The lives and times of Corvettes are as varied as the people who own them. And like the personalities of the people, the personalities of the cars fall on a bell curve. Most of the million-plus Corvettes built since 1953 have led pretty ordinary lives. They are like the civil servants, small business owners, ordinary laborers, next door neighbors, and relatively normal mothers, fathers, brothers and sisters we all know and love.
Then of course, there are the extraordinary and out-of-the-ordinary Corvettes-the ones that slip off that center portion of the bell curve and land squarely on its fringes. Bob Epperson's '69 Can-Am coupe is one of those cars that clearly falls at the ragged edges of the curve. It is like that one out-of-control wild kid everyone encountered while growing up. You just knew he or she would wind up dead or in jail at some early stage in the game. On very rare occasions, however, many years later, you sometimes learn that the wild one somehow managed to cheat fate and through it all still survives. Well, Epperson's Corvette cheated fate and is alive and well to this very day.
Its life began ordinarily enough. For the first few years the car did the same things as most other Corvettes of the era. It took several owners back and forth to work and out on the town in style, and met with mixed success on the street-racing scene. Then in 1972 the car was involved in an accident that led to State Farm Insurance Company assuming ownership.
In October of that year, State Farm sold the damaged Corvette to V. V. Cooke Chevrolet in Louisville, Kentucky. V. V, Cooke was a well-known dealer that was involved in road racing Corvettes in the late '60s and early '70s.
But the banged up '69 coupe was not destined to become one of V. V. Cooke's championship winning road racers. Instead, the dealership purchased it in order to build an eye-popping, heart-stopping show car.
To begin with, the original body was replaced with a complete Eckler's Can-Am II kit. Consisting of radically widened and reshaped front and rear body sections that flow together via aerodynamic door pods, a wild custom hood, and one-of-a-kind tops, the exterior's aggressive looks are a perfect match for what's in the engine bay.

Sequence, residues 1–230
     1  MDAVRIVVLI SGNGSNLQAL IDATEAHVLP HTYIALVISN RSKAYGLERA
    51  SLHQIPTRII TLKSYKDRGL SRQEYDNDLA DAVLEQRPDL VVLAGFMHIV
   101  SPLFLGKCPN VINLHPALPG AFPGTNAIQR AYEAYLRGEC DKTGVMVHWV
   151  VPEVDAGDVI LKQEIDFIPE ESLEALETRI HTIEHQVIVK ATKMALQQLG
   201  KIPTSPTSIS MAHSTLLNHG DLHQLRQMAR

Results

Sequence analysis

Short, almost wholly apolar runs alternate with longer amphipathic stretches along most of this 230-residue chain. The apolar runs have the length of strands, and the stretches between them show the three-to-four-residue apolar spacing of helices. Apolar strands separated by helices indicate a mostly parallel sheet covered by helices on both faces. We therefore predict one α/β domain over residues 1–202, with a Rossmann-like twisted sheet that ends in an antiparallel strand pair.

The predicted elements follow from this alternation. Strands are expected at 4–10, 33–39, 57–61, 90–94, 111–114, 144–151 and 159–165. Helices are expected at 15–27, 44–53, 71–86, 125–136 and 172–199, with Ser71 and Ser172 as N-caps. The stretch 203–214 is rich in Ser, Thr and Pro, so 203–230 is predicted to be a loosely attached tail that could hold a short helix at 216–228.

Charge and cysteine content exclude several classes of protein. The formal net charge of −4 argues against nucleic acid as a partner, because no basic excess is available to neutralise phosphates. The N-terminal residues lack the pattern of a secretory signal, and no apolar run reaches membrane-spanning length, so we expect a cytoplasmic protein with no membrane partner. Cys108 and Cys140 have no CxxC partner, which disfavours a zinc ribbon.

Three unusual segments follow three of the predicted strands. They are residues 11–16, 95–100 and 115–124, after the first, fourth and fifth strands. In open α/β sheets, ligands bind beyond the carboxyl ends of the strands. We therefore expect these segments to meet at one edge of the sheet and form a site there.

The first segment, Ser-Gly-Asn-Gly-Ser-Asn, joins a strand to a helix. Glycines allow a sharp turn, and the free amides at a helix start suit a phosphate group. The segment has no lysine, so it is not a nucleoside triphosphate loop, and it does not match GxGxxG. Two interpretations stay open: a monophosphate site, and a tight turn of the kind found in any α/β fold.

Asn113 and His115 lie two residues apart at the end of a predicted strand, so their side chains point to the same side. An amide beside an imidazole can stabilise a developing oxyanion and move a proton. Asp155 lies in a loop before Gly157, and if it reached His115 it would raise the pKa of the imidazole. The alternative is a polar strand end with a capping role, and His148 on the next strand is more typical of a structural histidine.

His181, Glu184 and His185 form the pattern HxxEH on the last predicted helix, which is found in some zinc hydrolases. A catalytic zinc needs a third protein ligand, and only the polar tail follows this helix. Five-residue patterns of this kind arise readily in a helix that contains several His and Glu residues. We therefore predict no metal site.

When V. V. Cooke built the showpiece they installed an all-out race prepared big-block monster under the hood. Jim Minnick Racing Enterprises built the powerplant using a four-bolt main block and ZL1 internal components. After every component passed X-ray or Magnaflux inspection Minnick assembled the engine with great precision and care. Extensive porting and polishing, perfect balancing, and lots of custom touches all add up to incredible power and impressive durability.
The drivetrain and chassis were set up to match the potent big-block's output. A blueprinted M22 and custom-balanced ZL1 clutch/pressure plate assembly help send the power back to the rear wheels. Koni shocks, heavy-duty front springs, a Daytona rear spring, urethane bushings, and large anti-sway bars fore and aft make sure the power reaches the ground.
When originally built the car was fitted with huge custom mag wheels and finished in a wild blue and white paint scheme. V. V. Cooke made extensive use of it at custom car shows, rally races, club time trials, and other non-wheel-to-wheel competitions
In 1987 V. V. Cooke, Jr. decided to sell the car and contacted current owner Bob Epperson to learn if he would be interested in buying it. Cooke and Epperson went back a long way together, and Epperson actually helped build the car and then drove it for Cooke's dealership. For understandable reasons Epperson had a great deal of affection for the car and agreed to buy it without hesitation.